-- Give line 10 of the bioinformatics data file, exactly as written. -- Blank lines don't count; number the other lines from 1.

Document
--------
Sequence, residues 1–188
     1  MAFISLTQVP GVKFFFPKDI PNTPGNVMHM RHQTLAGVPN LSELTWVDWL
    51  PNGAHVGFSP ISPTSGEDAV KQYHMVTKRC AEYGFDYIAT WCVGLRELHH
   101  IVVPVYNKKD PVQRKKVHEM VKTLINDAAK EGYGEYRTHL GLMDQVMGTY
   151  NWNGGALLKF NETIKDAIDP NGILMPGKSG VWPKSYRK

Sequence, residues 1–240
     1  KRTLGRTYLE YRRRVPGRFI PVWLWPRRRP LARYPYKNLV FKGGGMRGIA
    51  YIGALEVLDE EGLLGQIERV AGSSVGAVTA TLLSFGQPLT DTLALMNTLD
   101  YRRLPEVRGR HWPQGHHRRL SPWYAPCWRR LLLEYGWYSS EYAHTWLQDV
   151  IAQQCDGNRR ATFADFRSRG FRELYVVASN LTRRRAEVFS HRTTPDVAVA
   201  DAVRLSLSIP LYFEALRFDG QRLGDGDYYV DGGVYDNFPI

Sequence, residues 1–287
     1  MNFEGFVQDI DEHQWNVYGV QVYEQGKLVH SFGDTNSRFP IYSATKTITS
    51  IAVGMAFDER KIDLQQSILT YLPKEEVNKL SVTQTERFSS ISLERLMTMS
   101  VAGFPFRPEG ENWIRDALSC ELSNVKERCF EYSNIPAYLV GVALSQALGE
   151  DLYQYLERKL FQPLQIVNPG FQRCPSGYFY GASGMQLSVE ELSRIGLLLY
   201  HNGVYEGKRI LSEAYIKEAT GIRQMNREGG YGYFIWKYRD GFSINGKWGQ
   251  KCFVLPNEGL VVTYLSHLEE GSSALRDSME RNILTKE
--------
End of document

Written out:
   151  IAQQCDGNRR ATFADFRSRG FRELYVVASN LTRRRAEVFS HRTTPDVAVA